The disease risk has been dealt with through a combination of vaccination and quarantine on arrival a short distance inside the Chinese border with vaccinated, disease free stock only travelling onwards into China as far as Kunming where they are slaughtered in newly constructed facilities.

Processed beef can then be distributed throughout China with minimal disease risk.

Mechanisation: The “Chinese Buffalo”
Burmese agriculture is now well and truly mechanised with the introduction of the “Chinese Buffalo” which is the local name for the wide range of imported Chinese mechanical equipment which has dramatically (but not entirely) reduced the demand for draft power.

The main “Chinese buffalo” implement is the hand tractor. During 2 weeks of travel through the Burmese country side we did not see a single animal pulling a plough although some are still used for general lighter freight duties on the local roads around the villages.

This style of converted hand tractor does most of the medium load, short distance work when the implement is not required for ploughing.

For heavier work, a larger “Chinese buffalo”, this light truck with a diesel motor is extremely popular, cheap and very efficient.

Myanmar Chinese relations
The final item on the list of problems needing to be solved was, how to convince the Burmese government and people that increased trade with China is in their best interests.

China sees Myanmar as one of its most important strategic neighbours which has already assisted with access for oil and gas pipelines through the middle of the country from Muse to the Bay of Bengal as well as many other initiatives.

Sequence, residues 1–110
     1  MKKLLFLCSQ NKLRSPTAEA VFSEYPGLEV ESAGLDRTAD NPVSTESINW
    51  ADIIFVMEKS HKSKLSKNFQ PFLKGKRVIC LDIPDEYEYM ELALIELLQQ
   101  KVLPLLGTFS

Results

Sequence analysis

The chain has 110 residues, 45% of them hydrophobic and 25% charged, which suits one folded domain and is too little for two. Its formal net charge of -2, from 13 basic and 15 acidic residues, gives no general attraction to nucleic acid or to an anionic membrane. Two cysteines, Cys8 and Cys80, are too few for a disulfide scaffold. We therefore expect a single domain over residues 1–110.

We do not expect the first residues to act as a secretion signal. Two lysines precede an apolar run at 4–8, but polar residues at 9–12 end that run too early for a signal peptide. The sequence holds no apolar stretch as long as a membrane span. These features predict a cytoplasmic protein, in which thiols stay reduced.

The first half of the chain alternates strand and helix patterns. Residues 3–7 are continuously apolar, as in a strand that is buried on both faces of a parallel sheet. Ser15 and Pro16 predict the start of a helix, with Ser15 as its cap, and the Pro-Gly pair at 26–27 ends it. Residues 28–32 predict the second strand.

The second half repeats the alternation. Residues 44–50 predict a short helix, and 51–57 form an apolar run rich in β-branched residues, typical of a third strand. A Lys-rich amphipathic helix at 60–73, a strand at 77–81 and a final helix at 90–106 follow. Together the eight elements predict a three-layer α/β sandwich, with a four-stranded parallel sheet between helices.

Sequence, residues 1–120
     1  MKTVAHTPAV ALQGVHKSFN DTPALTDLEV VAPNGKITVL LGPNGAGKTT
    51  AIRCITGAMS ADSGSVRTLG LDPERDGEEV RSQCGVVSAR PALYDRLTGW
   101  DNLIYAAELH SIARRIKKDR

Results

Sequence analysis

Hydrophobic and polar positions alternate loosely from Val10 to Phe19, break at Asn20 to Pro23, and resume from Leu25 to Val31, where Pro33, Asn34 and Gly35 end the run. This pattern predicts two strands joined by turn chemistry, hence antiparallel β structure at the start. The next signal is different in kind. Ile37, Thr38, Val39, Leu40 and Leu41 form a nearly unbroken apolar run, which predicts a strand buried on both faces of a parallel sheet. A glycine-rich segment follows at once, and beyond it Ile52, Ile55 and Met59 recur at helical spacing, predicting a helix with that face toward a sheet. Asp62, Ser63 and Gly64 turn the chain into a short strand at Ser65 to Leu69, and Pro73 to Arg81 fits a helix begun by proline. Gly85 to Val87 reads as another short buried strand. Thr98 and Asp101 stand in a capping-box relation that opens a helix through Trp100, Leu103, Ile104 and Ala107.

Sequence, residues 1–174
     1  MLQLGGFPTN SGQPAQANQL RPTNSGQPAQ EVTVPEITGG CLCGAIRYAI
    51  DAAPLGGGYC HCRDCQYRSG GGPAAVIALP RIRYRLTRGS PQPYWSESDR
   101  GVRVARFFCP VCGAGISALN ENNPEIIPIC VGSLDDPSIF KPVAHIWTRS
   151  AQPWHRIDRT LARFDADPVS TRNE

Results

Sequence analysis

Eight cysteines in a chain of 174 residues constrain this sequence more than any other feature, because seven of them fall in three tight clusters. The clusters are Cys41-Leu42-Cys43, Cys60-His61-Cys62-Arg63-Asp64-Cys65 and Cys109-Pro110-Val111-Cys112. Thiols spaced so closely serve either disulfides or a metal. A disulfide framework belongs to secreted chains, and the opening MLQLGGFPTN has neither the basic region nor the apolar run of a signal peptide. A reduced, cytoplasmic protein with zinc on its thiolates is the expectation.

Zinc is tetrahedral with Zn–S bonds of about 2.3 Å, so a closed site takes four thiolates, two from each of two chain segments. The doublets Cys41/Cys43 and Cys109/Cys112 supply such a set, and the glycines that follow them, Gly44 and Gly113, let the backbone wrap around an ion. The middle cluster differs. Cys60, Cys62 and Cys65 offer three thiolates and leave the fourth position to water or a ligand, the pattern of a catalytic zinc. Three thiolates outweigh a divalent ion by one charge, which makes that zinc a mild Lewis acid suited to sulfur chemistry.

While we were travelling through the north east of the country in January, President Xi Jinping made a very high profile visit to Myanmar with discussions focusing largely on mutually beneficial trade and cooperation.

Photo from the internet: President Xi Jinping meeting with Aung San Suu Kyi at the Presidential palace in Nay pyi taw, Myanmar on 17th January 2020

A wet market stall in the small, far northern Irrawaddy river village of Katha, where the famous author, George Orwell was a colonial policeman in the early 1920’s. Note beef is on the menu here as well as chicken and duck. The fresh chicken is massaged with Turmeric powder to give the skin a nice yellow colour. The beef price here was Kyat 18,000 per viss. 1 viss = 1.6kg. 1,000 Kyat = about AUD$1 so 1 viss of beef costs about AUD$18 so 1kg of beef in northern Myanmar costs about AUD$11.25. The cost in Mandalay and Yangon wet markets was about 25 percent less.

When the Australian herd is at its full strength of about 30 million it produces around 9 million head annually for sale or about 30 percent.

Using an assumption that the Myanmar herd is only half as productive then the annual number of animals for sale might be in the order of 15 percent of 15 million, or 2.25 million head. With only a small amount consumed domestically there appears to be scope for a sustainable live export trade to China of about 2 million head annually.

Myanmar is a magnificent country, well worth a visit for travellers wishing to see something very different to the usual Asian destinations but at the same time quite safe.

The potential for the growth of agriculture is staggering with an enormous fertile valley running down the centre of the country serviced by an extensive network of navigable rivers providing low cost freight services for people and goods.

To see the original article click link here

Source : Beef Central